This isn’t the first time I’ve written about Generation 1 Transformers Minibots for this blog, but this time the focus of the article is not rare variants or the history of international releases. This time, it’s purely going to be a look at why the Minibots are so good, hopefully shedding some light on why they are seen so affectionately by many collectors and are the centre of many a collection. I had a single Minibot as a child and I believe it might be the only Transformer my parents ever threw away, so my affection for them certainly doesn’t come from nostalgia, but I have come to appreciate them on many levels.
Of course, the most recognisable Minibot of all is Bumblebee. Hasbro and Marvel certainly did not fail to see the potential appeal of a plucky, lovable little VW Bug robot back in 1984 and gave him a reasonably prominent role in the Transformers cartoon, actually replacing Hound as Spike’s closest companion in the Autobot ranks. Bumblebee has his own brand today thanks to the Michael Bay movies and the many occasions he’s played a starring role in cartoons such as TF Animated, Robots in Disguise and now Cyberverse. Character is something the Minibots have never lacked, seemingly endearing no matter what personality was attached to them. “Sweet Boy” Bumblebee, grumpy Gears, pessimistic Huffer, heroic Brawn and hot-head Cliffjumper are just some examples from the first series of the cartoon.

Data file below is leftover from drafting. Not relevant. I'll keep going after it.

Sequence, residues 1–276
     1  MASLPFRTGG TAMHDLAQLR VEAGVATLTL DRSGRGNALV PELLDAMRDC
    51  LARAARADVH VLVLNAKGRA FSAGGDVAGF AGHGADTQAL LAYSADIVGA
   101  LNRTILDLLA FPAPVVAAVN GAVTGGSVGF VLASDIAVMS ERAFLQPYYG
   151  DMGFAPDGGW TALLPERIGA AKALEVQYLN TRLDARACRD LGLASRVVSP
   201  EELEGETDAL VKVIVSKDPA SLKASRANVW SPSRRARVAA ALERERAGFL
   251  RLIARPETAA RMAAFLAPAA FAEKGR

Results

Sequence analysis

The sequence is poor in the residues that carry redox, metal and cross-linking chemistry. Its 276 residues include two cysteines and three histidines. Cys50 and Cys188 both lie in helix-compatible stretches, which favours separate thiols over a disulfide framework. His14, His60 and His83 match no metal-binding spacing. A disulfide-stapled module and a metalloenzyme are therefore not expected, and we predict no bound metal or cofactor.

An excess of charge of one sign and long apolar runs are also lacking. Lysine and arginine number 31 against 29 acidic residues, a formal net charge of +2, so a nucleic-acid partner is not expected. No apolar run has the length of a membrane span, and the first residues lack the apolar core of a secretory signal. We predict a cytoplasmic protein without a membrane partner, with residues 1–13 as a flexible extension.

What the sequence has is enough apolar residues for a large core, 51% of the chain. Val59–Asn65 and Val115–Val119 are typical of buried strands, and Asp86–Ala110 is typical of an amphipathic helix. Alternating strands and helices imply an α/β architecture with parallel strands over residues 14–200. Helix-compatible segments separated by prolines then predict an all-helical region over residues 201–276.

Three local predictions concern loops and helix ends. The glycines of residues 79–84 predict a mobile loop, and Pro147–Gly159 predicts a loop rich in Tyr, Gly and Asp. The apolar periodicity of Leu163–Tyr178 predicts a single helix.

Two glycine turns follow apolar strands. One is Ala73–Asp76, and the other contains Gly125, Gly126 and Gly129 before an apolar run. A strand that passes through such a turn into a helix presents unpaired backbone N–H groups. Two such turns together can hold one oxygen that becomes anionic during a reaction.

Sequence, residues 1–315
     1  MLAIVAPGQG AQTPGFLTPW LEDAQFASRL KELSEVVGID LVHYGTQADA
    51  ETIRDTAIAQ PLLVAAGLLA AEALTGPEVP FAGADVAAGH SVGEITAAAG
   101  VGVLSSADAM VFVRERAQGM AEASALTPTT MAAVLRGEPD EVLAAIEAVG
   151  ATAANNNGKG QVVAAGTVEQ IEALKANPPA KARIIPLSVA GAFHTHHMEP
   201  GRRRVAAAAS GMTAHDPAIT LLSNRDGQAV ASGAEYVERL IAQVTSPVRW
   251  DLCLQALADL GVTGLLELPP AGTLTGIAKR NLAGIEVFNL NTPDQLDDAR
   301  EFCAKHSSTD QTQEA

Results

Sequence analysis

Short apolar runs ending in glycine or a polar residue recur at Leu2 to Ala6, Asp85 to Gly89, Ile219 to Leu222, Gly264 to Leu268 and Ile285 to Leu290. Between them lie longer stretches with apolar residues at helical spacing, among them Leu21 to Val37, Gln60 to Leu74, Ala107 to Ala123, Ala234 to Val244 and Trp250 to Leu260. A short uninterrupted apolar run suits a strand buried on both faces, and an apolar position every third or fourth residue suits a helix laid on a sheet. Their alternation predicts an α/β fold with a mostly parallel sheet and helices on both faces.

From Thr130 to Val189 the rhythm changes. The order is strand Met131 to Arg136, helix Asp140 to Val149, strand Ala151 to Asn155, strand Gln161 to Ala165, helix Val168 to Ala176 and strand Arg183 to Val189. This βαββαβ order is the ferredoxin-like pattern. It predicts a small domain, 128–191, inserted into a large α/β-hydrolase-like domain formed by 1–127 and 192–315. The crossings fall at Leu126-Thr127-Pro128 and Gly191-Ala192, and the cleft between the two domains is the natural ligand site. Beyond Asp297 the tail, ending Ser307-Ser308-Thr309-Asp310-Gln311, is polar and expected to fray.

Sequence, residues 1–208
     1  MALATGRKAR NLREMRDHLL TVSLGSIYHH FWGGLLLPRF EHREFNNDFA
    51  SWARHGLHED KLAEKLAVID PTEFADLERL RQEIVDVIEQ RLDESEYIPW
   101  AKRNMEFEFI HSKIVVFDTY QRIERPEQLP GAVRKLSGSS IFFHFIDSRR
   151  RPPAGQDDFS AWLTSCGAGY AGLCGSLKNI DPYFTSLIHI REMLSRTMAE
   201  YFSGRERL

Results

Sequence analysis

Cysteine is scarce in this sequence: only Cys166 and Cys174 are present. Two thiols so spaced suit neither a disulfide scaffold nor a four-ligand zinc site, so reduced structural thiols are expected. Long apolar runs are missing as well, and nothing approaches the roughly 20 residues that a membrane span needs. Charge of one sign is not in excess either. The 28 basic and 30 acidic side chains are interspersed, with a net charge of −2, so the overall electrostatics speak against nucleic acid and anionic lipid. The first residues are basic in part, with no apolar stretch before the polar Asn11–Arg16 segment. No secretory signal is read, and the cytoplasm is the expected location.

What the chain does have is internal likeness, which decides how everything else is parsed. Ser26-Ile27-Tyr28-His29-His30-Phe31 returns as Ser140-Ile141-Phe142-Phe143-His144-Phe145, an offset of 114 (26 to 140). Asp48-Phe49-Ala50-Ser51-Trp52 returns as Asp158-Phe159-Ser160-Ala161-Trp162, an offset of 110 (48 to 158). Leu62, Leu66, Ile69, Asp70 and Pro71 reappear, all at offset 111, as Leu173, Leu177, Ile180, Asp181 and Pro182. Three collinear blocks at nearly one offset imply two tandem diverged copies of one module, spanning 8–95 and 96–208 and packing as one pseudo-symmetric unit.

It wasn’t just the first series Minibots that had distinctive personalities, either. Blow-hard Powerglide, hippy Beachcomber, Warpath with his robo-Tourettes and gurgly Seaspray had their own spotlight episodes in season 2 of the cartoon and are quite memorable. This wonderful blend of small bot and big personality is not restricted to the cartoon either; IDW’s James Roberts made Swerve and Tailgate fan-favourite characters in More Than Meets The Eye/Lost Light and Nick Roche did a sparkling job on Hubcap in Sins of the Wreckers, just to give some examples. There’s just something about Minibots and personality. Everyone wants to root for the little bot.
The original Generation 1 toys themselves are hugely responsible for the affection collectors have for Minibots, too. These figures were some of the cheapest Transformers available at the time of the 1980s global phenomenon, so many parents would have chosen these small Autobots as a first Transformer for their children. They would have made good presents, entry-level figures and everything else you’d associate with the lowest price point items in a big brand franchise. They were not rubbish little toys by any means, though. The transformations were still engaging and fun, memorable and perfect for the play pattern.
Once you get past the Bumblebee/Cliffjumper/Hubcap/Bumblejumper mould, there’s a decent degree of diversity, too. The departure from cars to a plane, UFO, hovercraft and tank helped pad out the range of smaller Autobots nicely, as well. What makes them such good Transformers for children is also that younger kids can access their functionality and fun earlier in their development than, say, something like a Sideswipe or a Starscream. Certainly my daughter got on very well with the G1 keychains from the age of 2 upwards and still plays with them today, occasionally.